Purpose of review: The purpose of this review is to describe the most recent and relevant clinical and experimental data about the use of amniotic membrane in ophthalmology.
Recent findings: The amniotic membrane is a biologic tissue that has been used as a graft for corneal and conjunctival reconstruction in a variety of ocular surface diseases. It is avascular and possesses anti-angiogenetic, anti-scarring and antiinflammatory properties. It is not a substitute but rather a substrate upon which cells can migrate and regenerate, forming new and healthy tissue. The amniotic membrane can also be used as a biologic patch, as a bandage, to treat acute inflammatory disorders. With the development of cell therapy, amniotic membrane can be also used as a carrier of limbal stem cells or their progeny, cultivated in vitro.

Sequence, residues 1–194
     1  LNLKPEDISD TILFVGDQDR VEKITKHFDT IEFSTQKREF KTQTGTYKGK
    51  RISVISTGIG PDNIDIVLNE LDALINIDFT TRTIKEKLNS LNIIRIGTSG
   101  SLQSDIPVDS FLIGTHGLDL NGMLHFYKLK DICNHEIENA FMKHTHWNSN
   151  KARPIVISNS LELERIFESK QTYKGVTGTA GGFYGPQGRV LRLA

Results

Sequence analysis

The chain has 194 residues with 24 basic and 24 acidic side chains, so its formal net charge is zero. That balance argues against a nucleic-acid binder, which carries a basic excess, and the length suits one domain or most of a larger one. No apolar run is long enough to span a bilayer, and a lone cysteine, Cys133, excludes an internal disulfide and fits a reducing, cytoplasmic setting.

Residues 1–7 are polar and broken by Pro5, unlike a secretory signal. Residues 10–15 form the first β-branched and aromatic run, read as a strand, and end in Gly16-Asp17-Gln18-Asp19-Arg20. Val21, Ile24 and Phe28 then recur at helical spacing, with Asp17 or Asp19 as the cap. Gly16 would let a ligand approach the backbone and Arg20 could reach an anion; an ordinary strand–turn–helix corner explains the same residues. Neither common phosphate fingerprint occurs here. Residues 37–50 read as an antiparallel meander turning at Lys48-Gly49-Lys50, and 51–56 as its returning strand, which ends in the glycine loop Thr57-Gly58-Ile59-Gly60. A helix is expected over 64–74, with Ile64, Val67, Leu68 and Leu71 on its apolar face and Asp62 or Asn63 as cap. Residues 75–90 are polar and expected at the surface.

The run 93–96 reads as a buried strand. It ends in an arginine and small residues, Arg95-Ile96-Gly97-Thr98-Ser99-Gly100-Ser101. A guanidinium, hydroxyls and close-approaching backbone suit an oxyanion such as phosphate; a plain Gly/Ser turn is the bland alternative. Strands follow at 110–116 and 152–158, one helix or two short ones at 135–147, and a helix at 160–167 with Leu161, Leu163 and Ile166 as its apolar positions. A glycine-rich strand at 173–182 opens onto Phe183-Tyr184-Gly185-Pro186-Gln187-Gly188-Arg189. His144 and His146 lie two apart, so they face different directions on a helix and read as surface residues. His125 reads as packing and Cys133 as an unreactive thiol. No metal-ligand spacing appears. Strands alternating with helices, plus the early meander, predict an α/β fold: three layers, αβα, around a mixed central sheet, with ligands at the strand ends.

Summary: Amniotic membrane use in ophthalmic surgery has been shown to provide an alternative for corneal and conjunctival reconstruction in many clinically challenging situations; however, there is still a lack of scientific evidence based on randomized comparative studies to prove that its use is better than other alternative therapies for ocular surface reconstruction.